It’s been too long since I wrote one of these posts. The software on my computer even tells me that the last time I worked on this post was back in November. November! What with my new job, Christmas and a small promotion after New Year, it already feels like a life time ago.
So why I haven’t I finished it before now? It’s not because I have fallen out of love with books, it’s more the opposite. Ever since I swapped my job at the castle for the one in the bookshop, I have had so much more time to read. And read I have. So much and so frequently that my boyfriend exclaimed the other day “Are you nearly done with that one too? I can’t keep up with you anymore, every time I turn around you are reading a new one!”
So that, ladies and gentlemen, is why this post with books that I read last autumn is only being published now. But it is here now and that’s all that matters. Good books don’t suddenly go out of fashion anyway.
Brave New World – Aldous Huxley
“Far in the future, the World Controllers have created the ideal society. Through clever use of genetic engineering, brainwashing and recreational sex and drugs all its members are happy consumers. Bernard Marx seems alone harbouring an ill-defined longing to break free. A visit to one of the few remaining Savage Reservations where the old, imperfect life still continues, may be the cure for his distress…
Huxley’s ingenious fantasy of the future sheds a blazing light on the present and is considered to be his most enduring masterpiece.”
After I read The Handmaid’s Tale last summer I felt a bit lost about what to read next. I was looking through the unread books on my shelf, not really feeling any of them, when I found my boyfriend’s copy of Brave New World with an introduction by Atwood herself and saw it as a sign to continue reading in the dystopian genre. I have read a lot of Dystopian and Speculative fiction classics and because it’s a genre I like a lot, especially when they critique capitalist societies, I was expecting to love the book.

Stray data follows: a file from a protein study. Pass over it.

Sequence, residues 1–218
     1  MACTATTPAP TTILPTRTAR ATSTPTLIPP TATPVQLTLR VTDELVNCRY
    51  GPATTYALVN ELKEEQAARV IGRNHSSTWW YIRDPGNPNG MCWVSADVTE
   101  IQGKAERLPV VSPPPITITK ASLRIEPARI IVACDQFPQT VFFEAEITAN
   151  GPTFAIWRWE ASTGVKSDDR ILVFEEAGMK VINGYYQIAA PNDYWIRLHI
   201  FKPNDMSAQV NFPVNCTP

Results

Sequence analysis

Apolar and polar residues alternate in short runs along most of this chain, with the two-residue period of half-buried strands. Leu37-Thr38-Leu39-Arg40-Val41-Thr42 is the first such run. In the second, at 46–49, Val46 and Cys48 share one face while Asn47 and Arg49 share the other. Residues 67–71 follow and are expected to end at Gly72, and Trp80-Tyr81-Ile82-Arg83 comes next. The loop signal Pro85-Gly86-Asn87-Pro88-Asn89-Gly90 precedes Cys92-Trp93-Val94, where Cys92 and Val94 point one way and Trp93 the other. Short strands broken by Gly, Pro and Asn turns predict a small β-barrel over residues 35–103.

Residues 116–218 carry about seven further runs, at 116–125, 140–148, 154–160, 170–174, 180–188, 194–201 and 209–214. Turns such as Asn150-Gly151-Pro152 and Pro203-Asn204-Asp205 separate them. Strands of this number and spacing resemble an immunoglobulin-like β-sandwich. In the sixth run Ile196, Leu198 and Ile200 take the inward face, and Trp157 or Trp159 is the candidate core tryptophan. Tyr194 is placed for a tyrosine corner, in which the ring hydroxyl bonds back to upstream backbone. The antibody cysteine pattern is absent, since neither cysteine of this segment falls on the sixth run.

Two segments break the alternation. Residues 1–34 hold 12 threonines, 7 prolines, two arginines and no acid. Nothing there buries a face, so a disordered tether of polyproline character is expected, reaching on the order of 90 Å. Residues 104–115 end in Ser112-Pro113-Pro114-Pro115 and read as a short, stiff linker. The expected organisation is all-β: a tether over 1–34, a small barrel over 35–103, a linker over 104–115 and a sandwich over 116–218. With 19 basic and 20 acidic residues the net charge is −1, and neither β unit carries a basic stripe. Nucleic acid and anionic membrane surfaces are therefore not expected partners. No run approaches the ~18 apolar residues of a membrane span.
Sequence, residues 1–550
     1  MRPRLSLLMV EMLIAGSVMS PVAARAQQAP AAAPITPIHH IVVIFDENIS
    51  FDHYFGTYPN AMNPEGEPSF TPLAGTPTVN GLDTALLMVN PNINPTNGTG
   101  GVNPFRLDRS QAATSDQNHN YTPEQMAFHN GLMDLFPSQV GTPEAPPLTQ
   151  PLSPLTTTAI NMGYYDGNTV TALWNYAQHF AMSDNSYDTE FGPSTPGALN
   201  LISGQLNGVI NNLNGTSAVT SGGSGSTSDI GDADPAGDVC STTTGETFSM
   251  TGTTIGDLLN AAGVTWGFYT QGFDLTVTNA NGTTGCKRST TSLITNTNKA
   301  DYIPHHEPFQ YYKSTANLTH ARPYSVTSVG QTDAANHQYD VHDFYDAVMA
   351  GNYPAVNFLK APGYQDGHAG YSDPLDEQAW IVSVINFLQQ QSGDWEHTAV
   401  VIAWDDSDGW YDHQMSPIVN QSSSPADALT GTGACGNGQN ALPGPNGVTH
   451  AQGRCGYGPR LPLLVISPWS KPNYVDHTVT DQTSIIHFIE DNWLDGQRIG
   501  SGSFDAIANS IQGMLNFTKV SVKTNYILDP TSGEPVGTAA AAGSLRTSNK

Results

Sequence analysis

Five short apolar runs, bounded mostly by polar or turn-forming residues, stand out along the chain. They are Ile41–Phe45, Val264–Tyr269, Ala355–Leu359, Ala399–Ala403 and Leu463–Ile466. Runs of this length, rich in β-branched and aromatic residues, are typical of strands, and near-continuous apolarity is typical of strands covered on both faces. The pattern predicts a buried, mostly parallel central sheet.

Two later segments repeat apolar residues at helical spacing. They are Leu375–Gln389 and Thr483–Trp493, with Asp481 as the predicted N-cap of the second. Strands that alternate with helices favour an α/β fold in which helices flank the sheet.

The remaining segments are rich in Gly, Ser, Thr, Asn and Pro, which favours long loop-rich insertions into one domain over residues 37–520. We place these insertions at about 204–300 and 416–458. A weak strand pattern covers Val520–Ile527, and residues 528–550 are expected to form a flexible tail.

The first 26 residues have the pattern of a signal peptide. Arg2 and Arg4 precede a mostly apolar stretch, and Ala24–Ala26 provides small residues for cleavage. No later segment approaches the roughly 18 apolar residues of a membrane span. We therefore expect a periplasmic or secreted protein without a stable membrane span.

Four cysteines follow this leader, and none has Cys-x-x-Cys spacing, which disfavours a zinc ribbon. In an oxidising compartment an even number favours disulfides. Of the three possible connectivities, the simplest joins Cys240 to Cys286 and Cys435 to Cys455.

I don’t know if it was the timing but something just felt off to me. Maybe it felt flat after the amazing voice of the narrator in The Handmaid’s Tale or maybe it was because I didn’t warm to any of the characters, as none of them developed or changed with their (incredibly selfish) actions. I know it’s been described as shocking but to me it felt a bit outdated or maybe even too realistic. It made me feel depressed about the way the characters end up leading their lives. Its best quality was that the old copy I was reading smelled amazing, of library books and yellowed pages but even for a booklover that feels quite a sad thing to say about a book.
Bleaker Island – Nell Stevens